There is a whole host of credit cards on the market. And, if used wisely, they can be a great way of spreading the cost of big-ticket purchases, earning rewards or boosting your credit score if you’ve had debt problems in the past.
Deciding on which card or cards to apply for, depends what you want to achieve. Here’s more on using credit cards to your advantage.
Balance transfer cards help get debt under control. They offer the chance to switch debt built up on another card – where typically you will pay annual interest (APR) at a rate just shy of 20% – to a new one which offers zero interest for a set period.
Paying no interest at all means that every penny you repay goes towards clearing the debt, rather than going into the provider’s coffers.
Some cards offer an interest-free window of more than two years’ although deals vary. However, the longest interest-free deal might not be the most cost-effective, as these interest-free cards usually charge a fee each time you switch. But not all cards apply the so-called “balance transfer fee” which can be anything up to 3%.
If you had a debt of £4,000 it could cost you as much as £120 to transfer the balance if the card was to charge the full 3%. With a bit of detective work on a comparison site you could find a card with a lower fee, or even zero fees.
Balance transfer cards with lower fees tend to offer shorter periods at 0%. But, so long as you can afford the monthly payments, it would save money to go for a card with a shorter term. You may even end up paying the debt off faster.
If you don’t clear the balance in time, you may be able to transfer the debt again to avoid interest charges.
Making a big purchase
Purchase cards offer an interest-free period for spending on the card. If a big expenditure is looming on the horizon, these cards could be the answer to spreading the cost. At the moment there are purchase cards offering a 0% period in the region of two years – but deals change so always compare your options.
It’s crucial you make sure you are able to repay the full amount before any interest-free period offer is up. After this, the rate reverts to APRs as high as 37.7%, depending on the card you take out.
If you don’t manage to wipe the debt by the end of the fixed period, you can look into taking out a balance transfer card to maintain the 0% interest rate.
Getting something back
Cashback cards pay you to spend. A certain percentage of your monthly balance is paid back to you annually – by crediting the card.
Earning money as you shop is a great way of getting what is effectively a discount on your shopping and making something back on one-off large purchases, too. Always pay back the full balance or the interest charges will negate any cashback gains.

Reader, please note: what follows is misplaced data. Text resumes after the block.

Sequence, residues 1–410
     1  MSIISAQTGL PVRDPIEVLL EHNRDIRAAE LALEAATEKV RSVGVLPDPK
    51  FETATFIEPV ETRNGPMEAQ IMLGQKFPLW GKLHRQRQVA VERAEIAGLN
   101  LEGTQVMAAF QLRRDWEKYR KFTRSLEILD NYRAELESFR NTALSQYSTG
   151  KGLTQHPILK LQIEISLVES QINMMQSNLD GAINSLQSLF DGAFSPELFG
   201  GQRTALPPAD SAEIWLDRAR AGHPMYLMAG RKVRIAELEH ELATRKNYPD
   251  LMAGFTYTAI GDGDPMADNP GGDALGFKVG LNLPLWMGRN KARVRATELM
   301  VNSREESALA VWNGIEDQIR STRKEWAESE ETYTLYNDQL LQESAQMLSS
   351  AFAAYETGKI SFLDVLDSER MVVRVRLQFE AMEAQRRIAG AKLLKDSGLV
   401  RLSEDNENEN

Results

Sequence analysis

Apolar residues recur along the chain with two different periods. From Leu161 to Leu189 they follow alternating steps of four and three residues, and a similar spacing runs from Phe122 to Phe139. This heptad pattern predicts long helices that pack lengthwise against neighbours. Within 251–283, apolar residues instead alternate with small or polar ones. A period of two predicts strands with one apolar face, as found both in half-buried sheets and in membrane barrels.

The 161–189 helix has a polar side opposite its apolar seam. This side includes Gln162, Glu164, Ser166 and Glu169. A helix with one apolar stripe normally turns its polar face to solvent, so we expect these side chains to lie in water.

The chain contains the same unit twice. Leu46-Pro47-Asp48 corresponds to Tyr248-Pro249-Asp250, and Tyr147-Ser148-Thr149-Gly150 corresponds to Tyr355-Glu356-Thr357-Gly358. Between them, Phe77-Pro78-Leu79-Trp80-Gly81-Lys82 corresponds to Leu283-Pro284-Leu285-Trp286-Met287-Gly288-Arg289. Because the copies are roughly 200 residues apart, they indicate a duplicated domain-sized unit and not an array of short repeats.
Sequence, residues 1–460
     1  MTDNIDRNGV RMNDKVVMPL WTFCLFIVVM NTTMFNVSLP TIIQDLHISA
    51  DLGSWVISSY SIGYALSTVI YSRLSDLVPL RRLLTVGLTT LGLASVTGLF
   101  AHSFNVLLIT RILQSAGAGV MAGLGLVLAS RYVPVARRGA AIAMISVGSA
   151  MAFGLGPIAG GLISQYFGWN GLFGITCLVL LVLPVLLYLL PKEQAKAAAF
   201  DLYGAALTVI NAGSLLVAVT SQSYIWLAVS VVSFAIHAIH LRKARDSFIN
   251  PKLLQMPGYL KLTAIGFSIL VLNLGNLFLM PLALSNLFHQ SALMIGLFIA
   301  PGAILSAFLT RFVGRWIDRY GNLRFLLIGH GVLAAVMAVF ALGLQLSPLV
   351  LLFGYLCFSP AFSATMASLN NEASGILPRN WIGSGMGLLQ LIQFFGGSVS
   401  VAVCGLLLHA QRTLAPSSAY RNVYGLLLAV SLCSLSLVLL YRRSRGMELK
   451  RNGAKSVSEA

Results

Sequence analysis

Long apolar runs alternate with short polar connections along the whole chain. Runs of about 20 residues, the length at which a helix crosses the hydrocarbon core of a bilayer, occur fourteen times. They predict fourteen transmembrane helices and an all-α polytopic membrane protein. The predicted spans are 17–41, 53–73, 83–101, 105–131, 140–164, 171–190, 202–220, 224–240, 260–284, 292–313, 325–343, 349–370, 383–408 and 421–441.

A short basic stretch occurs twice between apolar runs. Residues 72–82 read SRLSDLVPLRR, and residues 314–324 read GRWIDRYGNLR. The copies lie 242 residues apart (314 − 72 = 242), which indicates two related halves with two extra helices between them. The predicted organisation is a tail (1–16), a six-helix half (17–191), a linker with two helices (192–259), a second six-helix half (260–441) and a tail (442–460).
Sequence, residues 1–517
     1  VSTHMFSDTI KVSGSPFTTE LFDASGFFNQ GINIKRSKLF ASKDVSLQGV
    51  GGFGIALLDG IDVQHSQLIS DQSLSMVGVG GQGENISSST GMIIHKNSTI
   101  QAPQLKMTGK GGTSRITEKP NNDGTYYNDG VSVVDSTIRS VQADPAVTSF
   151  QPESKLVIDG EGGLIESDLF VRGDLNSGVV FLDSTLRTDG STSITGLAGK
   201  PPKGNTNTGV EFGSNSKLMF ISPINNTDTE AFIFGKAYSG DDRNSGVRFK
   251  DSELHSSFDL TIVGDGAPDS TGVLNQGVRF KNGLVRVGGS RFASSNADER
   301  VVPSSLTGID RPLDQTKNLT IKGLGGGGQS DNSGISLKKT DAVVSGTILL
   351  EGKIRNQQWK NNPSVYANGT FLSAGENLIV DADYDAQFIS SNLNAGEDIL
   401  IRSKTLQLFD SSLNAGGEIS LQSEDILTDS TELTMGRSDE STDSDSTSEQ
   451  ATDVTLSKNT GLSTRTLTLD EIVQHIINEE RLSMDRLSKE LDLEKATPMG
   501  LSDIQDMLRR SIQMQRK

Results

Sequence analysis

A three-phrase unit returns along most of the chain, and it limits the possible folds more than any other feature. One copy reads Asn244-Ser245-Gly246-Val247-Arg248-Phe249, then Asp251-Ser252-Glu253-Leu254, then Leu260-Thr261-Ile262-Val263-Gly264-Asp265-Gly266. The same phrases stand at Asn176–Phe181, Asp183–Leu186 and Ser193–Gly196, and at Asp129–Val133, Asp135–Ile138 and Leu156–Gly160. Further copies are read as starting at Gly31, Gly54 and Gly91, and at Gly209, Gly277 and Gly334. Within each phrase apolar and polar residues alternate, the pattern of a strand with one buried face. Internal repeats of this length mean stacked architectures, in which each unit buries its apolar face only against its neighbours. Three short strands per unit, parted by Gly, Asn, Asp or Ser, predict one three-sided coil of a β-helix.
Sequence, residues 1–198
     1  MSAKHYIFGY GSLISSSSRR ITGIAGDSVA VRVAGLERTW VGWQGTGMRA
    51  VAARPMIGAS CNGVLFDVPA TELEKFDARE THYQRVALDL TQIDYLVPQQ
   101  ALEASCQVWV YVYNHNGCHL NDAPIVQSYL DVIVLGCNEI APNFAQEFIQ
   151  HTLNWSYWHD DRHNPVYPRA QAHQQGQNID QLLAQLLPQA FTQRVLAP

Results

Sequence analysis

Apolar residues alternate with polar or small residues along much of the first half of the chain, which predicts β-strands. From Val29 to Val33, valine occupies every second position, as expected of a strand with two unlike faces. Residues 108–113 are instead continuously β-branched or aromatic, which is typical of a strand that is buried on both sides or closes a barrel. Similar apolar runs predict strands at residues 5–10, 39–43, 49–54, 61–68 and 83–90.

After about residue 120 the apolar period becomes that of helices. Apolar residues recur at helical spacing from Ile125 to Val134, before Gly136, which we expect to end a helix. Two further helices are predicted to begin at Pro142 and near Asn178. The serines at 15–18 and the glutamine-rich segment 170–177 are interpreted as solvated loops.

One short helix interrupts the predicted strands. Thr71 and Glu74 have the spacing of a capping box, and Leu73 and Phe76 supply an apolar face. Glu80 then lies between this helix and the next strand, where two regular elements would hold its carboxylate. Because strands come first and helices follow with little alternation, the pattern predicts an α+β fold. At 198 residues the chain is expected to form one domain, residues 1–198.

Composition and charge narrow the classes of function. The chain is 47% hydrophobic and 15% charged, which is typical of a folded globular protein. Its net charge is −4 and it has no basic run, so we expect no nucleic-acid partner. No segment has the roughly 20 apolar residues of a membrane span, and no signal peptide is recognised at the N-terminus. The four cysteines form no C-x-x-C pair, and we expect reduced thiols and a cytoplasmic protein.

Many cards have tie-ups with reward schemes. You earn a certain number of points with every payment which you can spend elsewhere. M&S, Sainsbury’s, John Lewis/Waitrose, Asda and Tesco Bank credit cards all offer rewards points when you shop with them.
But it’s a good idea to choose one card and stick to it, rather than having a purse or wallet full. Like cashback cards, reward cards should only be used if you can clear the full balance each month as interest charges will far outweigh the value of any rewards you earn.
Credit score repair cards
If you have had trouble with debt in the past, you’re likely to have a blemished credit record. This means that getting credit for anything from a mobile phone to a mortgage could prove difficult.
There are cards available that are designed to help such borrowers. from the likes of specialist lenders Aqua and Vanquis as well as bigger brands such as Tesco and Barclaycard. It figures that these cards offer very small credit limits – in the hundreds, rather than thousands – but are offered to those that are not eligible for mainstream cards.
By spending and making at least the minimum repayment each month, it’s possible to build up a record that shows you can be trusted to repay so lenders are more likely to give you credit in future.
If you do not pay off your balance each month, your score is unlikely to improve – and in this case, you’ll be charged an especially high rate of interest on the debt.
When you buy goods and services abroad with a standard credit card, there’s usually a foreign usage charge applied which could be as much as 3%. There’s also a withdrawal fee if you take cash out with your card.
If you are a regular traveller, it’s worth considering a credit card that offers a good deal on foreign spending. It can save you hundreds of pounds on a family holiday.
The cards differ slightly in what they offer so it’s important to read the terms and conditions. For example, some may only offer fee-free spending in Europe so if you’re planning a trip for business or pleasure further afield, make sure you factor that into your search.
5 ways to be credit card-smart
- Never withdraw cash from your credit card – doing so attracts hefty fees and interest that will apply immediately
- Set up a direct debit for repayments – the benefits of 0% interest, rewards, cashback and fee-free foreign spending are all wiped out if you fail to make at least the minimum repayments as interest and charges are expensive. Setting up a monthly direct debit is the easiest way to eliminate the risk
- Keep your part of the deal – if you miss a payment completely on a card with a 0% interest period, not only will this affect your credit score, you may lose the promotional offer
- Use an eligibility checker – this assesses the chances of you being accepted for a card before applying which, in turn, protects your credit file. Bear in mind the most competitive cards will only be offered to applicants with an excellent credit record
- Don’t rely on them – if overspending is a problem then it’s best to steer clear of using credit cards at all.